Football and Brain Damage?

Recently there has been increasing concern over the link between football and brain damage, especially after Aaron Hernandez was diagnosed with a sever form of chronic traumatic encephalopathy (CTE) following his suicide. CTE is a neurodegenerative disease associated with a history of repetitive head impacts.

As CTE receives more and more research and media attention, even the NFL has begun to show interest in the issue– after years of denying and ignoring it. CTE has many current and former Football players worried, especially as there is no current way to test for the disease in living patients. Researchers have been examining brain biopsies from patients whose physical symptoms matched with previous studies linked to increased aggression and memory loss and brain damage.

CTE physical symptoms:

  • Suicidal thoughts
  • Paranoia
  • Impaired judgement
  • Confussion
  • Anxiety
  • Temper/ Aggression
  • Impulsivity
  • Slurred Speach
  • Drug Dependence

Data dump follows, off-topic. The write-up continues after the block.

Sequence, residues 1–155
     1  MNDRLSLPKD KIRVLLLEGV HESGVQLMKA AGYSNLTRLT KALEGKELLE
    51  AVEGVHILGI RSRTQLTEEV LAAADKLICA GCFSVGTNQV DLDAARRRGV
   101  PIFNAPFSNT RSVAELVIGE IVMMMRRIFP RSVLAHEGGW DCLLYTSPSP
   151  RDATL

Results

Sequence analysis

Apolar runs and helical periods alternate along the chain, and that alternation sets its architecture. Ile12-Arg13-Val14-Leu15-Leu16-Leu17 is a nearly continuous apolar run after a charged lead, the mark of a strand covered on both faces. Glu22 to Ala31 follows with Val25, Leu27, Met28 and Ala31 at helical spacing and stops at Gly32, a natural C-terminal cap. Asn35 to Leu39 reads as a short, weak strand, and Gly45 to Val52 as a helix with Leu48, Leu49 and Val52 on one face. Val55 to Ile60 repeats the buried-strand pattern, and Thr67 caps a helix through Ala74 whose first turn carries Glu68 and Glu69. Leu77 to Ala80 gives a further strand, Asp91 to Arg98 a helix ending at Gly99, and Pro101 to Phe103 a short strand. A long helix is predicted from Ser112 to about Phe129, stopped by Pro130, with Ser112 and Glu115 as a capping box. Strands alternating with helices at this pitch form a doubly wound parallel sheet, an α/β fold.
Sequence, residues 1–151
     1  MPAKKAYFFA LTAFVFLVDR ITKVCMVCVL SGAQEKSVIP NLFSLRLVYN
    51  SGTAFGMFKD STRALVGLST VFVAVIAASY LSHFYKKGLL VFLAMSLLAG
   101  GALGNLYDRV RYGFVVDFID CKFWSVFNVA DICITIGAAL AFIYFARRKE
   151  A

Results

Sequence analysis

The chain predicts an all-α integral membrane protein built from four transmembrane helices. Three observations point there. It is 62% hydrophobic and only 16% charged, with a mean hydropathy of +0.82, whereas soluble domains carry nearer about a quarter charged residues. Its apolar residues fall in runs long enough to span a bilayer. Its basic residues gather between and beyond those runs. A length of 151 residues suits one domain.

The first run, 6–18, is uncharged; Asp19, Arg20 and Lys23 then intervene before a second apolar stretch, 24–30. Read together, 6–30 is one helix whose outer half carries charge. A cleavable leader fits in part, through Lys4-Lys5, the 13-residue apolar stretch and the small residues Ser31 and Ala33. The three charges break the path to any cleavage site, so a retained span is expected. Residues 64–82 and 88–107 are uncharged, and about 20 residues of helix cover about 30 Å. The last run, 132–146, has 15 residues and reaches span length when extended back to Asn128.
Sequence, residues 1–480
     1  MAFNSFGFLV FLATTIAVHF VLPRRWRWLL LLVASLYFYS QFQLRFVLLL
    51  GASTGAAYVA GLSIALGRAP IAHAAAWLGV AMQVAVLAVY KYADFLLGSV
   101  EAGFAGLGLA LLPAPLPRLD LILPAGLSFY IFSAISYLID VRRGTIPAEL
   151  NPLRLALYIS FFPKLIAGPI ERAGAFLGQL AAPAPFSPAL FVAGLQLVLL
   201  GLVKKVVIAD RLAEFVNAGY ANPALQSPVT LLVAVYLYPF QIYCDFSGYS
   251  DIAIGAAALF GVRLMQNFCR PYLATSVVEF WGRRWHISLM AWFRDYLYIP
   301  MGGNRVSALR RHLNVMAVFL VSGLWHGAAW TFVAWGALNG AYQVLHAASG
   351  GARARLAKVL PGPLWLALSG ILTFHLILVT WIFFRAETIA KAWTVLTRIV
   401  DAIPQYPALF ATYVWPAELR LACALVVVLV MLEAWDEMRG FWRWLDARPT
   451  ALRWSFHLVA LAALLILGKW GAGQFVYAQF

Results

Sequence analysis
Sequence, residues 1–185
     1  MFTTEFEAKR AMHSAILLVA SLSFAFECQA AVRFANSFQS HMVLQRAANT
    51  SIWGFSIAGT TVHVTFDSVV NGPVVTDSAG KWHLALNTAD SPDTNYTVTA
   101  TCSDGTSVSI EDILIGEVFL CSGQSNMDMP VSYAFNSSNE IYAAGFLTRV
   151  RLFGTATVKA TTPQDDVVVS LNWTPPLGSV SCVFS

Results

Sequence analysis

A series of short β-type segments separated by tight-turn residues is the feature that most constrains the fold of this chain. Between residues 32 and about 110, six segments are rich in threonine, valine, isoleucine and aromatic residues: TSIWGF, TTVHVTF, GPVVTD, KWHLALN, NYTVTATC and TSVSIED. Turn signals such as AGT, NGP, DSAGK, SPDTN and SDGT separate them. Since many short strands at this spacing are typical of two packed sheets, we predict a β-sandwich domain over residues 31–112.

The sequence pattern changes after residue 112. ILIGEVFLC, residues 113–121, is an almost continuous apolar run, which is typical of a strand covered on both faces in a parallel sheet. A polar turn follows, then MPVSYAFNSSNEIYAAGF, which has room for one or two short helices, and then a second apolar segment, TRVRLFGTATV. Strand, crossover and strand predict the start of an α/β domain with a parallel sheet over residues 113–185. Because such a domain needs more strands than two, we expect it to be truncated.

• Altered Sleeping Patterns
  • Memory Loss
  • Low self-esteem
  • Depression
  • Imbalance
  • Dementia

Recently, Dr. Cherry did a study examining 111 brain biopsies post mortem from football players whose behavior in life correlated with CTE. Shockingly, 110 out of the 111 brain sample matched with CTE damage– otherwise known as a 99% match. Current testing examines hyperphosphorylated tau buildup in neurons surrounding blood vessels at the sulcal depths of the cerebral cortex.

 

This study was particularly interesting as the researchers also found a biological marker that could potentially be used to identify CTE in living patients. In the near future, it is likely that we will be able to use genetic markers such as the newly identified CCL11 to diagnosis CTE early on enough to reverse damage. Spinal tap or blood draw are the mostly routes for testing. CCL11 was a significant find, as it distinguished CTE from  Alzheimer’s disease. CTE and  Alzheimer’s disease have serveral overlapping characterisitics, and in late stages, both diseases lead to dementia and severe brain damage. 

 Alzheimer’s disease v.s CTE:

Link to study

CTE Stages:

Link to stages

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